Active Ingredient: Azithromycin
Systematic testing of samples with suspected prosthetic infection by molecular biology techniques was essential. Legionella micdadei should be added to the list of microorganisms causing prosthetic joint infection.
Among these infections, Aspergillus is a common cause of fatal pneumonia.
Owing to the precarious clinical condition of many patients who acquire invasive mold infections, clinicians often treat them on the basis of radiographic findings, such as the halo sign. However, in patients who do not respond to treatment or who have uncommon presentations, bronchoscopy or lung biopsy looking for other pathogens should be considered.
This study describes two cases in which the radiographic halo signs characteristic of Aspergillus were in fact due to Legionella jordanis, a pathogen that has been culture proven only in two patients previously both of whom had underlying lung pathology and diagnosed by serologic evidence in several other patients.
In immunocompromised patients, Legionella can present as a cavitary lesion.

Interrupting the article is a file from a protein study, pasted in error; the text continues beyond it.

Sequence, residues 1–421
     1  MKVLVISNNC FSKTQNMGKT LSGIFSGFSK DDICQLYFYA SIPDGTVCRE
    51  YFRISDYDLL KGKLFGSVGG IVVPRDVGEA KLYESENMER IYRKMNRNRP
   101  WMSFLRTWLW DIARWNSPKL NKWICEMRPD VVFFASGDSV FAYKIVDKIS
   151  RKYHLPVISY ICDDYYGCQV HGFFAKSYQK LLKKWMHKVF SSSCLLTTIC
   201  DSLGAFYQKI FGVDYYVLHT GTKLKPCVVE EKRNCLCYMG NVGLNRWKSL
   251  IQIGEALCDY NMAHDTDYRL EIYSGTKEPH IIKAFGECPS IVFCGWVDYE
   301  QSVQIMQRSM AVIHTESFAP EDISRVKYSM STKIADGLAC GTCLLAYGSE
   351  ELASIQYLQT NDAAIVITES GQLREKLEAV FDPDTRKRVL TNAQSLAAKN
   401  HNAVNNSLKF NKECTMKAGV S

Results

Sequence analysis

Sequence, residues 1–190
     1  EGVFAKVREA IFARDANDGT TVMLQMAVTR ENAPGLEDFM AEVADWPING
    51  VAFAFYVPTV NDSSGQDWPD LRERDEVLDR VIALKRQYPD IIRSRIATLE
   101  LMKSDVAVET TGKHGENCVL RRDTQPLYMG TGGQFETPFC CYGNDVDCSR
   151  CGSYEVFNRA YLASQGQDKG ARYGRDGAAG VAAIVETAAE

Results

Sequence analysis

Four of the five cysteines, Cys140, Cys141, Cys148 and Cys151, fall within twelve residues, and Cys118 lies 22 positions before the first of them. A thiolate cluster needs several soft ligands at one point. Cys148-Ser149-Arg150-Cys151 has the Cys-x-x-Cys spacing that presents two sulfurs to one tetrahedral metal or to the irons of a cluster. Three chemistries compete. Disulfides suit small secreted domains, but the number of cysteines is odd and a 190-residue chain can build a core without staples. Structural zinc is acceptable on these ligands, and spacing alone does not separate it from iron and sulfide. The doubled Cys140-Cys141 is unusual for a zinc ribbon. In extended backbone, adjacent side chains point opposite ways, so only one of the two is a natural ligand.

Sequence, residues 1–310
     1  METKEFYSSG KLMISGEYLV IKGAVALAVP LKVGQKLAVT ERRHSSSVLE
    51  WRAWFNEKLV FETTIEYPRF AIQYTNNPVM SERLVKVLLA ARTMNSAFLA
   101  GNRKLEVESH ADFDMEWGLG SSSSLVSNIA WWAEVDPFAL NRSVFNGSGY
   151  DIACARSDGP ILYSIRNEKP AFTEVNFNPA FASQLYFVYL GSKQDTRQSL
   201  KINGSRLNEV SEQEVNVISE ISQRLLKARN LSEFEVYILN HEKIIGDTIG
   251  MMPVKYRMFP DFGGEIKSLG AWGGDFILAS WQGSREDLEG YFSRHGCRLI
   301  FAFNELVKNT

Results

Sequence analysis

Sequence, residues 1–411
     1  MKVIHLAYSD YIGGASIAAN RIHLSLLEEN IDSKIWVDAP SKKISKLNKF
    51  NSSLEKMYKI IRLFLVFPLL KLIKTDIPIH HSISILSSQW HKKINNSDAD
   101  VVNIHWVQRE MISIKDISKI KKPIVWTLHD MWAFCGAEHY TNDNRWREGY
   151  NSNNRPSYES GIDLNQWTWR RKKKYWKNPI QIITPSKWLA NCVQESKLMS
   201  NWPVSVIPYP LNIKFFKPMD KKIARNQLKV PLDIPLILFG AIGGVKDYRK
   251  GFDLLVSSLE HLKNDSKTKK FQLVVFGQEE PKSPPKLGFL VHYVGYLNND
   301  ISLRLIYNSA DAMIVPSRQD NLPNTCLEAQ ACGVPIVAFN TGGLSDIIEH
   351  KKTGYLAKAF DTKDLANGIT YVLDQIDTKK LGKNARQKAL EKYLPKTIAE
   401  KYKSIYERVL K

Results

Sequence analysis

These cases illustrate the importance of obtaining tissue cultures to differentiate among the wide variety of pathogens present in this patient population. The patient had no prior history of cardiothoracic intervention or congenital valvular process.
A transesophageal echocardiogram showed a vegetation on the aortic valve.
Blood culture and bronchoalveolar lavage returned positive for L. The patient was treated with levofloxacin for 6 weeks total after a second set of blood cultures were negative.
The patient survived a complicated hospital course and was discharged to a rehabilitation facility. Serial CT scans obtained from five sporadic cases of Legionella pneumophila pneumonia were retrospectively reviewed.
Chest CT was analyzed with regard to frequency and appearance of CT patterns of pulmonary abnormalities. Consolidation and ground-glass opacities, with or without an air bronchogram, were the most common abnormalities detected in CT scans during follow-up patients with L.
Two patterns were observed: subpleural and peribronchovascular.
The subpleural pattern was seen in four patients and the peribronchovascular pattern in one. Interlobular septal thickening was seen in one patient.